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Overview: Microbial Pathogenesis

Beginning at birth, microbial organisms enter and leave the body, primarily on external or mucosal surfaces. Some of these predominantly commensal organisms become resident; others are transient; and still others establish latent foci in otherwise sterile spaces. Over a lifetime, a person is the reservoir for hundreds of strains of viruses, thousands of bacterial species, and a scattering of fungi and parasites. When these organisms violate their niche, invade, or produce toxic products, and at the same time overcome innate and adaptive host defenses, virulent interactions take place and occasionally lead to disease. Organisms can cause disease without entering or adhering to tissues by releasing toxic products. However, all infections caused by obligate intracellular parasites such as viruses require attachment of microbes onto cells and subsequent intracellular invasion as typified by the viral hemagglutinin molecule on the surface of the influenza virus, which determines species and tissue tropism, transmissibility, and replication.1,2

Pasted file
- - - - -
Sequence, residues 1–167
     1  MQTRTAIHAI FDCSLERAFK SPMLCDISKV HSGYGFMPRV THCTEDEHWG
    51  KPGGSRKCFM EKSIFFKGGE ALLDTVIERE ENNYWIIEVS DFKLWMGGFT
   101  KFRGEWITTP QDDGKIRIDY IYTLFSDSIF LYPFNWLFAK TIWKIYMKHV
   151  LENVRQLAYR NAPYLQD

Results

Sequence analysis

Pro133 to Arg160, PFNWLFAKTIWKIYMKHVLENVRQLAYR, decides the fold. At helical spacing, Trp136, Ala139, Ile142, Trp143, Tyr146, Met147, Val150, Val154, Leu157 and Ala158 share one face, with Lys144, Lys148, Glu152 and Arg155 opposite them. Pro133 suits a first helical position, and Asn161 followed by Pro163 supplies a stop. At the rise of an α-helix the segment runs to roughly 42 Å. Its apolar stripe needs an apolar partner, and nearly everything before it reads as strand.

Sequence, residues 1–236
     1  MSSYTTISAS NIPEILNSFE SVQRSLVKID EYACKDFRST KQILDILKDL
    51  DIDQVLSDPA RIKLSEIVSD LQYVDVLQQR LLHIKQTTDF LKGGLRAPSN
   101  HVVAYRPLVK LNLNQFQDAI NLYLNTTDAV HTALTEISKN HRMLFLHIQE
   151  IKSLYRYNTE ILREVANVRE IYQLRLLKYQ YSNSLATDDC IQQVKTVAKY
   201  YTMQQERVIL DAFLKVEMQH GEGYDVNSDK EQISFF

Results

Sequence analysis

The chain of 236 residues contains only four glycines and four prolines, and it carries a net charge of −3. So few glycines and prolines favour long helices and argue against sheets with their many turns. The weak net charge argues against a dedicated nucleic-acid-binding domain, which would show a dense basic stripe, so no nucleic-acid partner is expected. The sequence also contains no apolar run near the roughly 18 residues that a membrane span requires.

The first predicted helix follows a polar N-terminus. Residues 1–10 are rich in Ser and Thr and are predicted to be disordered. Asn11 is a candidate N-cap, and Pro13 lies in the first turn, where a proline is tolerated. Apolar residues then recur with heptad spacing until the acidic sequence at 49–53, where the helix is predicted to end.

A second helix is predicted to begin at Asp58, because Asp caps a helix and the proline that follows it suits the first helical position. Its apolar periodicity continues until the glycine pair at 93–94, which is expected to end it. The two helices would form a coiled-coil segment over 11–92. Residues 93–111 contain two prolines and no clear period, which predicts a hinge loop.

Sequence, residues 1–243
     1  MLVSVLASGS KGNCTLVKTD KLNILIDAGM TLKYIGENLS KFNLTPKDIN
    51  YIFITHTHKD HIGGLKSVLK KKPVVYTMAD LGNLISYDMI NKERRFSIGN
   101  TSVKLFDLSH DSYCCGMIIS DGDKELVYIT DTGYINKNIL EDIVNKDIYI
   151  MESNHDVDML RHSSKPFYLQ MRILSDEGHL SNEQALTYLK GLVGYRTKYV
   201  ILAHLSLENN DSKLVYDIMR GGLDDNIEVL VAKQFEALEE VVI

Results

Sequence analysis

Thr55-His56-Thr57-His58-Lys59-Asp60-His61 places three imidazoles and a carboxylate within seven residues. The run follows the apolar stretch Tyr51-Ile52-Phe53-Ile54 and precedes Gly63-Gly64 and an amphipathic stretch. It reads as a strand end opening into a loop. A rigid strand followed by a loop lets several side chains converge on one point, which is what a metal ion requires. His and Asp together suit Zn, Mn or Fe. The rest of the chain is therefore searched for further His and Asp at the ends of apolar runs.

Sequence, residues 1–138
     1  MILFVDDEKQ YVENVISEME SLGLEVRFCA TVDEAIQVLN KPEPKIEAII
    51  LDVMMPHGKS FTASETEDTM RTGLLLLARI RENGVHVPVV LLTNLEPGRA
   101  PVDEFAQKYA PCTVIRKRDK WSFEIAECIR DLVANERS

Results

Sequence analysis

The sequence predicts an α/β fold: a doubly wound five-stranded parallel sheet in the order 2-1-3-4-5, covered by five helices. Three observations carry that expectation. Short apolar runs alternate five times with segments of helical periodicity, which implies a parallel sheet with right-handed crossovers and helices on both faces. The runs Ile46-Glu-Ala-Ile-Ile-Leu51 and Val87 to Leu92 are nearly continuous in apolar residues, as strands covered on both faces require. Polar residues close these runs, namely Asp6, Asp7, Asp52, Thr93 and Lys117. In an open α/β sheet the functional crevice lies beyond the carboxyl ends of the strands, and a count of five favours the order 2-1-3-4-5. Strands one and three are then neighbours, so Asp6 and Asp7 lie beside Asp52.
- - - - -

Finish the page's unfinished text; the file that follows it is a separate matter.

Binding to cells does not always occur with bacterial pathogens, particularly in the lung. In contrast to the GI tract where most bacterial pathogens must attach to surfaces and some, such as Shigella dysenteriae, do enter into cells, many studies with common respiratory bacterial pathogens such as Pseudomonas aeruginosa, Klebsiella pneumoniae, Streptococcus pyogenes, and others have found that avoidance of binding to respiratory epithelial cells promotes progression of infection and development of disease. Thus, the statement that one often encounters that bacterial binding to epithelial cells initiates infection in the respiratory tract is not correct for some prominent lung pathogens. This is likely due, in large part, to the role of bacterial cell binding to the respiratory epithelium in promoting clearance of most organisms entering the lung (see Chapter 121). This occurs by a variety of nonspecific innate immune mechanisms that are potently activated by microbial binding to epithelial surface or, following binding and internalization, binding to intracellular toll-like receptors (TLRs) and other conserved pattern-recognition molecules. Along with induction of cytokine synthesis and release there is a rapid activation of beneficial inflammation and clearance. In some situations, however, organisms are able to avoid such clearance and propagate and produce clinical symptoms. For example, in neutropenic mice, the infectious dose of P. aeruginosa applied to the nose of an anesthetized animal that produces a lethal pneumonia and sepsis can be in the range of 10 to 50 bacterial cells, whereas in a neutrophil-sufficient setting usually 107 to 108 bacterial cells are needed to initiate infection. Clearly, avoiding polymorphonuclear leukocyte (PMN)-mediated clearance initiated by innate immunity is essential for serious disease due to P. aeruginosa. This finding highlights how pathologic conditions in the host can predispose to entry and survival of microbes, ranging from breaks in mucosal surfaces to defects in the immune system (see Chapter 121). Organisms become parasites when they express the requisite virulence determinants to gain entry and overcome or evade host ...

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